Thursday, January 5, 2017

Twilight Gardens Block 1

First a word about choosing fabrics.  The kit includes lots of fabrics to choose from, and you don't have to use every one, but the scrappier look will be achieved by including as many of the fabrics as you can.  The palette of  fabrics distinctly leans towards darker fabrics, so a dark is considered black or near black. There are medium darks, mediums, and lights.  The lights might be considered mediums in another project, but relative to the fabrics in this quilt, they are the lightest.  I suggest picking fabrics from these groups as the pattern specifies, and as you select for each block, pick a group that all go together nicely, and include one or more patterned fabrics for texture and interest.

I have selected these 6 fabrics at left, with the top three used for the larger, outer star, and the bottom 3 used for the smaller, inner star.

Be sure when you are cutting your pieces, to cut the triangles for A, B, and D as half square triangles, and the triangles for C as quarter square triangles (as pictured in the center above).  This will assure that the outside edges of your block will all be straight of grain.

Note that my medium dark fabric for the background of the inner star (charcoal gray) is just a bit lighter than the pure black fabric (dark), and I have also chosen two lights for the center star.  One goes in the center (space d) and the other is used for the star points (space c). Although the two lights are very similar in value, they have a nice variation in texture.

Assembling the pieces is pretty straightforward according to the printed pattern.  Sewing pieces A and B together to form the outer corner squares of the block, and sewing D's to triangle C making flying geese units that are used as the outer star points.

Be sure to trim down your half square triangles. Line up the diagonal reference line on your ruler with the diagonal seam, and trim to 3 1/2" square.  Also, trim your dog ears off your flying geese units.  It will make your final seams less bulky, and the finished block will lay flatter.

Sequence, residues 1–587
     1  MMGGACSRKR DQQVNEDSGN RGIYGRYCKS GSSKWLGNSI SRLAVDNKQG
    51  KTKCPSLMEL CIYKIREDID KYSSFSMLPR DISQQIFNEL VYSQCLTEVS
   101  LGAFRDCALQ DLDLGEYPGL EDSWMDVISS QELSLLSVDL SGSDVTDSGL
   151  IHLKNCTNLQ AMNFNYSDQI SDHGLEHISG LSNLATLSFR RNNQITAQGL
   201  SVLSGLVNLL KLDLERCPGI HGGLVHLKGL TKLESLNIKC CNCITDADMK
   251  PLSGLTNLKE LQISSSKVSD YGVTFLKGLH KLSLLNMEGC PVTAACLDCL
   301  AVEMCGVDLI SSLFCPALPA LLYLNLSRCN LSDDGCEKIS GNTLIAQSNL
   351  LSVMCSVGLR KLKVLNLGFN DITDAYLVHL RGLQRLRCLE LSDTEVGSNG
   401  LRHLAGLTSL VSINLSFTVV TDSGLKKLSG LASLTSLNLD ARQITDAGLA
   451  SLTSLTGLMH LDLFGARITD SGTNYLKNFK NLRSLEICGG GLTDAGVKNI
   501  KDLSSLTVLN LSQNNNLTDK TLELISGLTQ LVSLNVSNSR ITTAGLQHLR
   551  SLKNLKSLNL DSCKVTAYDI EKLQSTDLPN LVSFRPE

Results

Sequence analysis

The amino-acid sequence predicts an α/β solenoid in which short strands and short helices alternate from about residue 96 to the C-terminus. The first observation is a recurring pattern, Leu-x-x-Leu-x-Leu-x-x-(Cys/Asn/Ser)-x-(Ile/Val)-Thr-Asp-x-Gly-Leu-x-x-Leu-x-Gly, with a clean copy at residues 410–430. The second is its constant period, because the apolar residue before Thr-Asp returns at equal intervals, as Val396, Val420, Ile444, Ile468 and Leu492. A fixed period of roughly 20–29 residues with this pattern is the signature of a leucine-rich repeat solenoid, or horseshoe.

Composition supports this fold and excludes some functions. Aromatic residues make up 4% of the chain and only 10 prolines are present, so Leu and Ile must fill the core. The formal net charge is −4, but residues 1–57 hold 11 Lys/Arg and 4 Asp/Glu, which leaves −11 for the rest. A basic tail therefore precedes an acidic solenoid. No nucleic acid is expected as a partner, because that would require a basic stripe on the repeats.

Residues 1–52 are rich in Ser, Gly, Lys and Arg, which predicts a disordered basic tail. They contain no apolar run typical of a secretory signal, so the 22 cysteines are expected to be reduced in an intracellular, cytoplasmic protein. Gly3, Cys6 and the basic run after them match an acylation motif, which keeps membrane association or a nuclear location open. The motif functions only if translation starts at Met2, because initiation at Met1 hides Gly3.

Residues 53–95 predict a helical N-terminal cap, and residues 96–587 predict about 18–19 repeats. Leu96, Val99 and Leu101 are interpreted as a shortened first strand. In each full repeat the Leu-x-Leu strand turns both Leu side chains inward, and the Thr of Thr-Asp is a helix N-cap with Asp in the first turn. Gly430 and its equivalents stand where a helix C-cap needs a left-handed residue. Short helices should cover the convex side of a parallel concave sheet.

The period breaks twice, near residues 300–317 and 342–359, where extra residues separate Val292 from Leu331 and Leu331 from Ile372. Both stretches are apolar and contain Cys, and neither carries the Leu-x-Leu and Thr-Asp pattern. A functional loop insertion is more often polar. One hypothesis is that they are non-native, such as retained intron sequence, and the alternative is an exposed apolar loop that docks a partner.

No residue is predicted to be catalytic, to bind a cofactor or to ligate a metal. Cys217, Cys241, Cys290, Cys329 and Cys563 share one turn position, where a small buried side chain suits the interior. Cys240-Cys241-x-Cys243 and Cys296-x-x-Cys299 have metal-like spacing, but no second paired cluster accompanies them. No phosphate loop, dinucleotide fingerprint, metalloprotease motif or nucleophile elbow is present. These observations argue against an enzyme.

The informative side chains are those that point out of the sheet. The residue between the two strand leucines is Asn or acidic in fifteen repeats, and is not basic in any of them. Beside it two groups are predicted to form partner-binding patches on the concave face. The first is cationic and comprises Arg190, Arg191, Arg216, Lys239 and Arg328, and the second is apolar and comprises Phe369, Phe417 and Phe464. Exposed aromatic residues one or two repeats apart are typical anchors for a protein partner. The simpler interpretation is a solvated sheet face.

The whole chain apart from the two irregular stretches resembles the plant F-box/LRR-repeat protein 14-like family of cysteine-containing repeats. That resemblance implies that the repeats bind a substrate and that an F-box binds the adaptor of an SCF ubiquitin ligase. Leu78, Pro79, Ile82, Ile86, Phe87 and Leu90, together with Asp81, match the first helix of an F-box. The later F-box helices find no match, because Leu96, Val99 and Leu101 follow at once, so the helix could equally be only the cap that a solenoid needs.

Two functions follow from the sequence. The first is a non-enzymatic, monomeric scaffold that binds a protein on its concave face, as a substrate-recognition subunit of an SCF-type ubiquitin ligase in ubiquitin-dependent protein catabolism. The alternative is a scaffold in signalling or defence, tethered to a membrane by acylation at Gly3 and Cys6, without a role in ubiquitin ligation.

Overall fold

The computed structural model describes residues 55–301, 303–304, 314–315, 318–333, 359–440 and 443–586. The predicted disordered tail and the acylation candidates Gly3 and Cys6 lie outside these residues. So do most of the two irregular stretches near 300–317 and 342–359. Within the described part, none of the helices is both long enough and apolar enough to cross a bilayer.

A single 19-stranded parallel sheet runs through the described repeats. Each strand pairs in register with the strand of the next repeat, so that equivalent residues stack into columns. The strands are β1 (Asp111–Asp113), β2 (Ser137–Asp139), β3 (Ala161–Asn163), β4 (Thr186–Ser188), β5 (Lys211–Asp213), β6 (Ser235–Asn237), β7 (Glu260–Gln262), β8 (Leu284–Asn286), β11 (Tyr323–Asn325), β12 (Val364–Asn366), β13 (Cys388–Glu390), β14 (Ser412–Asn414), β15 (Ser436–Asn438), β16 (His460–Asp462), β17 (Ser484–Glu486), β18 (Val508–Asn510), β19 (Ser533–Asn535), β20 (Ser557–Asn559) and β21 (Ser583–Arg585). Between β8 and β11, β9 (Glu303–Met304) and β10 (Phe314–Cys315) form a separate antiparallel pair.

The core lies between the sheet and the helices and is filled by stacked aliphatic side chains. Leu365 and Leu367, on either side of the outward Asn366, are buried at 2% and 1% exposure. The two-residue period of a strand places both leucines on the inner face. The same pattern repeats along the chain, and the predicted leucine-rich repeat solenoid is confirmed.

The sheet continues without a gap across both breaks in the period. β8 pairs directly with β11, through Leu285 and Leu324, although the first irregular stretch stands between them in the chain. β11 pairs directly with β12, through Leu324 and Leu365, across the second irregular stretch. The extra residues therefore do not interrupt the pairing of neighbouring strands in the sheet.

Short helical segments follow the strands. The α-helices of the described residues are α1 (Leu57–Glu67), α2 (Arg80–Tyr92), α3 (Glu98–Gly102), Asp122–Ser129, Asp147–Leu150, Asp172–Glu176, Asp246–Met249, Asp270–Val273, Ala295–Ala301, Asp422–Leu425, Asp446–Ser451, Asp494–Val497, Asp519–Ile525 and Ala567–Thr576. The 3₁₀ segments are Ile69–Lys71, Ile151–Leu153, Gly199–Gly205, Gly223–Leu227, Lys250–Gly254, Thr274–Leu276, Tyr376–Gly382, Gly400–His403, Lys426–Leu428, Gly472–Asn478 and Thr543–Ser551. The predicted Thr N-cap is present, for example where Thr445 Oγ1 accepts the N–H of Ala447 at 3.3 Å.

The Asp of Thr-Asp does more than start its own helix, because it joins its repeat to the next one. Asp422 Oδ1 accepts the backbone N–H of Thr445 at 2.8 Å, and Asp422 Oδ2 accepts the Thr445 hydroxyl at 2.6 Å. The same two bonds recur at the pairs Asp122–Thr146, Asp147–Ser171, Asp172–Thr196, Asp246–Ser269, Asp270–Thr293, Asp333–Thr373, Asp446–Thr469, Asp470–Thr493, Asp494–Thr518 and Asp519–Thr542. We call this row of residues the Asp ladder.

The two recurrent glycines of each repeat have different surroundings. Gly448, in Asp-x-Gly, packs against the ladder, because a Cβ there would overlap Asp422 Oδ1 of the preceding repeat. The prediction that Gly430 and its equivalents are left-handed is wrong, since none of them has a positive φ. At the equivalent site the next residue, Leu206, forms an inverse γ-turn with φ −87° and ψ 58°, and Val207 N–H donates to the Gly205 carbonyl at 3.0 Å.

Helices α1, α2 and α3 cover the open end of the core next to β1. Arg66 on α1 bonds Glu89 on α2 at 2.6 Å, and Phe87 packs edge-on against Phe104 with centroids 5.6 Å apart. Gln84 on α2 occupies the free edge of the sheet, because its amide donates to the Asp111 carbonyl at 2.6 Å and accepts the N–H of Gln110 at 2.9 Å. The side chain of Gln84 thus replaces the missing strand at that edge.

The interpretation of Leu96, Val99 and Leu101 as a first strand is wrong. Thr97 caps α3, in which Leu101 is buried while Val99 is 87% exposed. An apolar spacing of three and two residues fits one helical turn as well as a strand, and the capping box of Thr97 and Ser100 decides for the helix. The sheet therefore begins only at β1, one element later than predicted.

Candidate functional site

The flying geese units for the inner star points are made using a slightly different method.  Start with a rectangle and a square. Lay the square over one side of the rectangle aligning the edges. draw a line on the diagonal of the square, and sew on that line.  Trim excess fabric beyond 1/4" from the seam. Flip and press the corner.  Repeat this with a second square on the other end of the rectangle, sewing the diagonal in the opposite direction.

The photo at right shows the units to form the inner star. You may notice these yarn dyed cottons will fray a little more than your typical prints.  Just use a little care when cutting and moving your pieces, and this should not give you any trouble at all. Use the center square, 4 flying geese units, and 4 corner squares. Assemble the block in rows. Press your seams toward the corner squares on the top and bottom rows, and towards the center square on the middle row. The intersections of your rows should then nest nicely. The final two seams should either be pressed toward the center of the block, or pressed open if it lays flatter that way.
The resulting star block will be used at the center in the larger star. Assemble the large star just as the small one, using the small star as the center, 4 flying geese units, and the 4 half square triangle units as the block corners. Be sure to arrange the HST corner blocks with the light and dark in the correct location.

 Put this star together just as before, in rows, pressing the seams in the same direction we did for the small star.  You will likely find the final two row seams on the block will want to be pressed open to help your block lay flat.

Your block should measure 12 1/2" square and will finish in the quilt at 12".  If you should have any questions, or would like to leave feedback about this block, or the Twilight Gardens quilt, use the comments section below.

Thanks for following along.